Finally, many high-quality preferred stocks trade well below their “par” level. This means that while the probability of redemption at some point in the future is very low at current yields, it is also not zero. This suggests that there is, in fact, a small chance of a huge tailwind at some point in the future.

Some ideas

A higher quality area of ​​the Preferred Marketplace is Preferred Banks. Within this sub-sector, we would favor low coupon fixed rate securities as they would be more likely to outperform as interest rates decline.

In this sub-sector, we like the following stocks:

  • Huntington Bancshares 4.5% Series H (HBANP) is trading at a yield of 6.25%. The preferred issuer is rated Investment Grade, while the issuer is rated Investment Grade by all three major agencies.
  • JPMorgan Chase 4.55% Series JJ (JPM.PK) is trading at a yield of 6.18%. The preferred is rated investment.
  • Capital One Financial 4.625% Series K (COF.PK) is trading at a yield of 6.44%. The preference is rated investment grade.

We also like the preferred agency-focused mortgage REIT sub-sector. There is only one fixed-rate stock in the sub-sector, namely the Armor Residential REIT 7% Series C (ARR.PC) which is trading at a yield of 7.46%. The stock’s equity/preferred coverage is 6.0x, which is relatively healthy.

Agency-focused mortgage REITs took a hit as the price of agencies fell relative to Treasuries as the Fed planned to reduce its holdings of MBS on its balance sheet. Given current valuations, we are unlikely to see the same pace of weakness going forward, suggesting that mREIT book values ​​should hold up relatively well going forward.

Nominal mortgage spreads hit their highest levels in years


Take away food

Historically, more than three-quarters of the time, the Fed’s tightening cycle has been followed by a recession. This suggests it’s not too early to think about which stocks are likely to outperform in times of widening credit spreads and falling interest rates – the most common combination of market action in a recession. . Higher quality, longer duration securities look attractive places to allocate capital at this stage in order to have drier assets in this eventuality.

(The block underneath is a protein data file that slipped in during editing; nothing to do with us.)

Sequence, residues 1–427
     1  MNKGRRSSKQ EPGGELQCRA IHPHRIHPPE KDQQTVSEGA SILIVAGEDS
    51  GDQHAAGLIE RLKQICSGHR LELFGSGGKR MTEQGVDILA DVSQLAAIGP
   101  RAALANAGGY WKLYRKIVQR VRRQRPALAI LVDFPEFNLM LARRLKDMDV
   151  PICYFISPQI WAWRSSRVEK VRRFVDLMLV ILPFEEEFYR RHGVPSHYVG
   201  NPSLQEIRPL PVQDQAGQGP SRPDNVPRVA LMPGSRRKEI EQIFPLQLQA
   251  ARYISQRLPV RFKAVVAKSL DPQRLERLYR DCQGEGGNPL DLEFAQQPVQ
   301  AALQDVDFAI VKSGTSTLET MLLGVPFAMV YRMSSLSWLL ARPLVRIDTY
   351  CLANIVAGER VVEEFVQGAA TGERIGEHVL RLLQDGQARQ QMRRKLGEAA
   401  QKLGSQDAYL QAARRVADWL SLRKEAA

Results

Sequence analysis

The recession that no one will talk about; As equity investors rush to get out Sat, 07 May 2022 21:28:56 +0000

Employment – ​​Weaker Than Narrative

Markets yawned at the April issue of the payroll survey (+428K) despite the media’s characterization of the report as “strong”. Indeed, upon further analysis, the most charitable description would be, in our view, “mixed”. In fact, “disturbing” would be our best characterization. Here’s why:

  • The overall payroll figure comes from a monthly survey of large and medium-sized companies. Because it does not survey small businesses, the BLS “adds” the jobs it assigns to this segment. This is called the “Birth-Death” model. For April, +160,000 jobs were added thanks to the “magic” of this “adjustment”. This means that the net new jobs that were actually counted in the survey were +268K, a figure which we believe would have disappointed the markets, as it would have been interpreted as a significant slowdown from the previous month and in below +400K. Wall Street Consensus. The chart above is taken from the ADP jobs report released Wednesday, May 4. Note the sharp drop in small business employment in April. Because ADP is the largest payroll services company in the United States, this data is highly credible. If this more realistic -120K had been used instead of +160K ​​(“Birth-Death”), the net for the Payroll Survey would have been +148K, not +428K! And the discourse on the “recession” would have made the rounds of the street.